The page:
Dutch politician and FPOe leader Geert Wilders (European)

The victory of the Freedom Party – led by far-right Geert Wilders with 37 seats in the Dutch parliamentary elections – was a political earthquake with repercussions that go beyond the borders of the Netherlands, and this time Wilders' party received more than double its share in the previous election, beating its opponents.

The Left bloc came behind him by a wide margin with 25 seats, while the center-right party won 24 seats, a disastrous result for the party of outgoing Prime Minister Mark Rutte.

Experts believe that the Dutch are looking for a change in the way of governance, after the withdrawal of the longest-serving prime minister in the country's history, Mark Rutte, where Rutte surprised everyone by announcing last July that he would withdraw from politics, after he headed the government for 13 years, and this came after the collapse of the four-party coalition led by him against the backdrop of a fierce debate over the policy of asylum seekers.

Wilders' election platform includes calls for a referendum on the Netherlands leaving the European Union, a complete halt to accepting asylum seekers and returning migrants at the Dutch border.

He also calls for "de-Islamization" in the Netherlands, but during the election campaign he sought to improve his image by adjusting some of his positions, asserting that there were more pressing problems than reducing the number of asylum seekers and softening some of his anti-Islamic positions.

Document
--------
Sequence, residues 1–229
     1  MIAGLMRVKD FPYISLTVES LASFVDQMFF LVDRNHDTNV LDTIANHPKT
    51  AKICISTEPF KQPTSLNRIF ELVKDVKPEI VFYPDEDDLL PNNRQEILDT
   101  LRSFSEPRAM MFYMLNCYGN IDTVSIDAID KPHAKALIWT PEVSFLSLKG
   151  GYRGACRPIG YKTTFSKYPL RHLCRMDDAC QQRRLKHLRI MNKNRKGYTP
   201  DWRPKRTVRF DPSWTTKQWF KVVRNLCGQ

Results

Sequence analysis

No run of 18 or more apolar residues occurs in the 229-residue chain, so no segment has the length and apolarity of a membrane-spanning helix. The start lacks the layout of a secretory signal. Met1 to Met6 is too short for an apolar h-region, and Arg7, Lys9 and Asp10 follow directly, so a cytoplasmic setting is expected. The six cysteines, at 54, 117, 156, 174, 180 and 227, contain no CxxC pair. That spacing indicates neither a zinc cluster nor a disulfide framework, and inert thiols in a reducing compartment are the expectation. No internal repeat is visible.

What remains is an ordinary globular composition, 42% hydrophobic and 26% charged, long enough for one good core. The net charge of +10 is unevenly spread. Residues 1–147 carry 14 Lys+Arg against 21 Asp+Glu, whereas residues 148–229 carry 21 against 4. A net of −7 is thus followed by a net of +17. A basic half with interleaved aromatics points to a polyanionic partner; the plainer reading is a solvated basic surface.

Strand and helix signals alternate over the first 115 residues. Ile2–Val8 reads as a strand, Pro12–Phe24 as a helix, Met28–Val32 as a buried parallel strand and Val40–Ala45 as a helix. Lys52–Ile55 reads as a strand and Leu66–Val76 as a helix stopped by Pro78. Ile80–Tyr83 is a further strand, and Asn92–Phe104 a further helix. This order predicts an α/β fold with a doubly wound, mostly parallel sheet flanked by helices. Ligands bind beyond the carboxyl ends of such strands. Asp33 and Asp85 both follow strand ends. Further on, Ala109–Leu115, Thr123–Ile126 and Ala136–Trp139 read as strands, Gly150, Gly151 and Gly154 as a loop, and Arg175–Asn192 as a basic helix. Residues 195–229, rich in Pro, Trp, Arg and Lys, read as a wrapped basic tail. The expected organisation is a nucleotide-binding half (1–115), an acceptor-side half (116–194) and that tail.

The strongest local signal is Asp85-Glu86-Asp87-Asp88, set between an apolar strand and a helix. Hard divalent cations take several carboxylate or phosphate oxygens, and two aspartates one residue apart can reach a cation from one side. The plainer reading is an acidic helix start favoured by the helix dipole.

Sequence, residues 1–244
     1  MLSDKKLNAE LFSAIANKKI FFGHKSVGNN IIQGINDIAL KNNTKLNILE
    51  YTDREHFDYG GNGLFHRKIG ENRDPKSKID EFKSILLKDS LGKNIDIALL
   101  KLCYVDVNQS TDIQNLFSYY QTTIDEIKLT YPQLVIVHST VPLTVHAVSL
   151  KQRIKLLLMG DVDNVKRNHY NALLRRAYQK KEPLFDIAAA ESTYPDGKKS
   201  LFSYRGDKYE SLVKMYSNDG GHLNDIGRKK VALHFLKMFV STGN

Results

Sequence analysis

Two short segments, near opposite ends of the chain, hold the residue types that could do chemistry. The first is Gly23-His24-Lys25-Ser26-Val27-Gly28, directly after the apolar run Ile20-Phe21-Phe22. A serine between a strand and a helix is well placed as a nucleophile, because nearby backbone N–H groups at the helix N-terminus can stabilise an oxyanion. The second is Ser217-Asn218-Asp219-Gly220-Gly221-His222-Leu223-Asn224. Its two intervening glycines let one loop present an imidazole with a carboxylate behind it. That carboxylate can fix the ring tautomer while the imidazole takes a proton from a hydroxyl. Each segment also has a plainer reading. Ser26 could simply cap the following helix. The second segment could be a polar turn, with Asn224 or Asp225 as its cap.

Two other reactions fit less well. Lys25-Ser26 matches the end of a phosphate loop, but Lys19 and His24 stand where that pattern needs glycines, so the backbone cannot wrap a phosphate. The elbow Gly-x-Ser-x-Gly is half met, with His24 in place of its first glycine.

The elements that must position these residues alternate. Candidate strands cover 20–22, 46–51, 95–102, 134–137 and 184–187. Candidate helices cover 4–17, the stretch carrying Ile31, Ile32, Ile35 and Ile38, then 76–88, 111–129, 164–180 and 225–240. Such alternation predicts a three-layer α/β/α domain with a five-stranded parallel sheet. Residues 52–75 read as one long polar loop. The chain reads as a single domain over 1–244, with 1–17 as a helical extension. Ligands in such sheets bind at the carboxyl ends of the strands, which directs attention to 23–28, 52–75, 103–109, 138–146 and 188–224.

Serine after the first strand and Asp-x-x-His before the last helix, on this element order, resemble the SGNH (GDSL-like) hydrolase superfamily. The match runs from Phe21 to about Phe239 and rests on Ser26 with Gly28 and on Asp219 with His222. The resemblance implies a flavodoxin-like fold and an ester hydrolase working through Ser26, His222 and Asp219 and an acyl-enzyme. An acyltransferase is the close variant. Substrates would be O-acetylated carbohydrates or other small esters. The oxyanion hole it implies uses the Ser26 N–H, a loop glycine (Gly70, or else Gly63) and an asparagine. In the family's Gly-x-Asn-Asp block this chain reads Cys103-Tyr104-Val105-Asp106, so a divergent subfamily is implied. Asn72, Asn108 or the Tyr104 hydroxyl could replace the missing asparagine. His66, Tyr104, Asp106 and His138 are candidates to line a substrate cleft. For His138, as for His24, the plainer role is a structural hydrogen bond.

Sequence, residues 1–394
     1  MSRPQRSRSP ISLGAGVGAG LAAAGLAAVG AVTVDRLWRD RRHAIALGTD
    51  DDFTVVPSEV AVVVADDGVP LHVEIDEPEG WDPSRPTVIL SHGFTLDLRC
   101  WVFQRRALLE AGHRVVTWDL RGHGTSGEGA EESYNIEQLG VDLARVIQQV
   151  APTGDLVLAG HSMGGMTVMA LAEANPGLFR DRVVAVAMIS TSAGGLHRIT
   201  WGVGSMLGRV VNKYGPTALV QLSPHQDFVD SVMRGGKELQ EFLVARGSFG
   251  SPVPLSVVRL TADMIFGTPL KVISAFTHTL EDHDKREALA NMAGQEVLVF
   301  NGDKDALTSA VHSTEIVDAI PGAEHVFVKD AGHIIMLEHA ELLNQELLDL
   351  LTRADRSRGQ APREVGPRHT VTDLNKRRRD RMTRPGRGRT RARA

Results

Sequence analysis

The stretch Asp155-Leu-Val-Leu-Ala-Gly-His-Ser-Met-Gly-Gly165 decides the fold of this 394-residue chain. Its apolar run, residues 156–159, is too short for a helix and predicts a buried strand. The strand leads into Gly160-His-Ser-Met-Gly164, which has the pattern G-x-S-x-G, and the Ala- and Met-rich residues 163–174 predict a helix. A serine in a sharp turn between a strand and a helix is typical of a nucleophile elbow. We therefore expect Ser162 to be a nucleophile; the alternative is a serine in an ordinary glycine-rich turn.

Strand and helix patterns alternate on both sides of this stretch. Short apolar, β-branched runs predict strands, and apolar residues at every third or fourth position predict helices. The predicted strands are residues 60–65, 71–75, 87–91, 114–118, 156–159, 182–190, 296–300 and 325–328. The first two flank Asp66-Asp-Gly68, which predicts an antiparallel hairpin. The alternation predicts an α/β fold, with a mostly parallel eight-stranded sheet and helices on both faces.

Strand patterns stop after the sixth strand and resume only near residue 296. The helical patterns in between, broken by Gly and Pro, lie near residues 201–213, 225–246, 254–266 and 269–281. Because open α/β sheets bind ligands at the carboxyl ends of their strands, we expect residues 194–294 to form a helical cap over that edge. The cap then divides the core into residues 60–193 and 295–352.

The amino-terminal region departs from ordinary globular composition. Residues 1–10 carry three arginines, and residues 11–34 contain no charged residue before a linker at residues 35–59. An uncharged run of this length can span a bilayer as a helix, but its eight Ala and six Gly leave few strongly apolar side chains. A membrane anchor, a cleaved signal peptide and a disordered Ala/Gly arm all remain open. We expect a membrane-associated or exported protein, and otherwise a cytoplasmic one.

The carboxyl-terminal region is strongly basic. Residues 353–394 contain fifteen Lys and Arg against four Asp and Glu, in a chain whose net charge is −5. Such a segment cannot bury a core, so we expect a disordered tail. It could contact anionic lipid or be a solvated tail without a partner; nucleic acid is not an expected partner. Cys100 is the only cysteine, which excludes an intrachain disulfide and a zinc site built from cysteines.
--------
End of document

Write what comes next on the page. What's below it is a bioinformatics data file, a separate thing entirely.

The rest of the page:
In 2009, the British government refused to allow him to visit the country, saying he posed a threat to "societal harmony and therefore public security". He was convicted of insulting Moroccans at an election night rally in 2014.

In order to attract mainstream voters this time, Wilders has sought to focus less on what he calls "de-Islamization" in the Netherlands and more on addressing hot-button issues such as housing shortages, the cost-of-living crisis, and health care.

He is also a strong supporter of Israel, supporting the relocation of the Dutch embassy there to Jerusalem and the closure of the Dutch diplomatic mission in Ramallah, the headquarters of the Palestinian Authority.

Wilders' opponents attacked his anti-Islam stances during his last pre-election debate on a local channel, but he responded – confirming – that he would be prime minister for "all Dutch".

Wilders has long been a staple in Dutch politics, entering parliament a quarter of a century ago, founding the Freedom Party in 2006, and although he has softened somewhat his anti-Muslim tone this time, he has maintained his familiar platform of being hostile to immigration, resisting what he sees as the "dilution" of Dutch national identity, and leaving the European Union.

There are factors that should not be overlooked while talking about the reasons for the rise of the extreme right, including: the flow of migration to the continent, with the succession and continuation of wars in the global south, and the Russian-Ukrainian war, which has its continuous effects on the economy of Europe.